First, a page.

1962 Ferrari 250 GT SWB Berlinetta 3401GT – sold for €2,632,000. The 135th of 165 250 GT SWB Berlinettas built, 3401 GT was sold new on 21st April 1962 to an Italian gentleman, Sig. Molgara, and registered on Milan plates numbered “MI 651485.” One of just 36 examples completed in 1962, its original colours were green with a black Lusso (luxury) interior.
Molgara did not keep the car for very long as he sold it to Distillerie Lombarde di Catania of Milan, which in turn sold the car in 1965 to third owner Paolo Dal Pozzo. Fourth owner Stefano Pallavicino of Genova bought the car in 1969 before it was sold the following year to Hans Wiemuller of Munich, Germany. Two years later, in 1972, he sold the car to its next long term owner, Georg Amtmann, also of Germany.
Amtmann had the car fully restored and changed the colour to Rosso Corsa. He enjoyed the car for the next 13 years before 3401 GT went to its fourth owner, Swiss collector Erich Traber via dealer Albrecht Guggisberg’s Oldtimer Garage in 1985. The restoration was updated in 1987 by Sportgarage Graber in Wichtrach, Switzerland.
Later in 1987, 3401 GT was purchased by Italian car enthusiast Eugenio Amoruso, who used it in a variety of events for the next two years. It was even featured on the cover of the September/October 1989 issue of Ferrari World magazine. In November 1992, 3401 GT was purchased by dealer Edgar Herbert Engel of Haltern, Germany, who sold it a few months later to Dirk-Rainer Ebeling of Wiesbaden. Ebeling had the car completely restored again and kept it for about three years before selling it to Franco Meiners in August 1996.
In 1997, Meiners decided to use the car in vintage racing. He had the original engine (no. 3401) removed from the car and set aside while a race-prepared engine from a 250 GTE was installed; it is believed that the external fuel filler was added at this point. The car was inspected and homologated by GIPI Cars in Opera-Milan, Italy, following which FIA Homologation Certificate #1538 was issued for the car.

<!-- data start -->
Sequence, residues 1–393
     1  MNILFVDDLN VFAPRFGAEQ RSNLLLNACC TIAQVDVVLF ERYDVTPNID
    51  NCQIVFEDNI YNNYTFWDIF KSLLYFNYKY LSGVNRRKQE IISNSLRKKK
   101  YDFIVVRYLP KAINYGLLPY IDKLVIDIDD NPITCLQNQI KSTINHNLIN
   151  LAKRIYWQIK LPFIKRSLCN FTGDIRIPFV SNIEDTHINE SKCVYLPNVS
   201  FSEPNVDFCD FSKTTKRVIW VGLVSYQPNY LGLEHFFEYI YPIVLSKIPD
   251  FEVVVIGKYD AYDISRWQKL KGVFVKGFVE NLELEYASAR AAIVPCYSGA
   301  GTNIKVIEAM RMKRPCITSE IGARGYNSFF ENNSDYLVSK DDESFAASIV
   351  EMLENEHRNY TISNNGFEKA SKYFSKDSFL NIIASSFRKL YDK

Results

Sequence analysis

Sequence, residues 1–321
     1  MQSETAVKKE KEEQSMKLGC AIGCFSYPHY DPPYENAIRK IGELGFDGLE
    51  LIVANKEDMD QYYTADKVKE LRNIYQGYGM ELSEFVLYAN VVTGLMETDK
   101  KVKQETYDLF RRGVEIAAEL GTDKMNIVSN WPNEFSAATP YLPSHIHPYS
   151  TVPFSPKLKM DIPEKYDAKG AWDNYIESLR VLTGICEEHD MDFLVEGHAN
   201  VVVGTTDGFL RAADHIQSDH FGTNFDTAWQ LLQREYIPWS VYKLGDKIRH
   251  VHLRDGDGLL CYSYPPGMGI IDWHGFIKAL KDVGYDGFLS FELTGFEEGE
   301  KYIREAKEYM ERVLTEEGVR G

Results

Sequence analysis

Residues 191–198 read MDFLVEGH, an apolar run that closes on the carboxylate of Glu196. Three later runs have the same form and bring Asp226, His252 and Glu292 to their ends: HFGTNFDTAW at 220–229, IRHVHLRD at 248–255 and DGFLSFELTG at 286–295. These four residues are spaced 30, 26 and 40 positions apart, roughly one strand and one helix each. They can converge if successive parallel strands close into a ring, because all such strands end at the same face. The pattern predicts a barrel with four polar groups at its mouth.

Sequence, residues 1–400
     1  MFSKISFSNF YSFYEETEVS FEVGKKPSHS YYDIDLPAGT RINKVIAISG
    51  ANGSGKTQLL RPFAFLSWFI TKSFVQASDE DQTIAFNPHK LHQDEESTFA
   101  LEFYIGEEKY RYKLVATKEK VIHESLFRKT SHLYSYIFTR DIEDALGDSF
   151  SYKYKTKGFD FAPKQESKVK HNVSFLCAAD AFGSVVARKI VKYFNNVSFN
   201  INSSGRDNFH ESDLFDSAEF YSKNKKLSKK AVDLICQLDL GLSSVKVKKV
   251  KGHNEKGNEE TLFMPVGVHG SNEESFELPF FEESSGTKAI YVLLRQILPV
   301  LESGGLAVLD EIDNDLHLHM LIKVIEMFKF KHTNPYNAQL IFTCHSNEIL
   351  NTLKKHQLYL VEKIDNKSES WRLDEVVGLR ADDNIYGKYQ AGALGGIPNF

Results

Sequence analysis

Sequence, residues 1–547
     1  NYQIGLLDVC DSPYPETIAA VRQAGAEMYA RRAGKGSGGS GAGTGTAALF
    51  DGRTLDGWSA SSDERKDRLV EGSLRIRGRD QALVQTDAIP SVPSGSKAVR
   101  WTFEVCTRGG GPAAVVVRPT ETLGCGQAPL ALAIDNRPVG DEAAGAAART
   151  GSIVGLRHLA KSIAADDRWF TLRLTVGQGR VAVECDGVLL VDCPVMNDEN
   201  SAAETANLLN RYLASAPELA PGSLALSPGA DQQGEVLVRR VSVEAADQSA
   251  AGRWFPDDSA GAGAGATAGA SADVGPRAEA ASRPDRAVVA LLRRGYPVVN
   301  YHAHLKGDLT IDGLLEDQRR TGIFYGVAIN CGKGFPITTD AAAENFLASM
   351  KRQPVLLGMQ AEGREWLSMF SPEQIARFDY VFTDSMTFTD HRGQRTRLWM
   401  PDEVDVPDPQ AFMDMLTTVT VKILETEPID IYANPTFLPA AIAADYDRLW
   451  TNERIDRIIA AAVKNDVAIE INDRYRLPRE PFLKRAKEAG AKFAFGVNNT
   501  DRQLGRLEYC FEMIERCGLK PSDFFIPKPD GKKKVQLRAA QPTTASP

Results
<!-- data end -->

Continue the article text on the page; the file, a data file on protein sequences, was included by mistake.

For three years, Meiners and his partner Bernard Duc raced 3401 GT at various historic events, eventually deciding to offer the car for sale through dealer Axel Schuette. The original engine was reinstalled, and the car was offered on and off by Schuette until July 2002, when it joined the renowned collection of Bruce McCaw of Seattle, Washington, U.S.A. In August 2005, Seattle-based developer Ken McBride acquired 3401 GT in a trade deal with Bruce McCaw before selling it shortly thereafter.
In 2007, at RM’s inaugural Ferrari: Leggenda e Passione auction in Maranello, the car was sold to a Dutch collector and was later acquired by famed British radio presenter and devoted Ferrari collector Chris Evans. Following its acquisition, Mr. Evans commissioned a restoration from marque specialists DK Engineering in England at a cost of over £220,000, finishing the car in white with a light blue leather interior – a striking colour combination that was likewise executed on five of his other high-end Ferraris. Auction Source: 2010 RM Auctions Sporting Classics of Monaco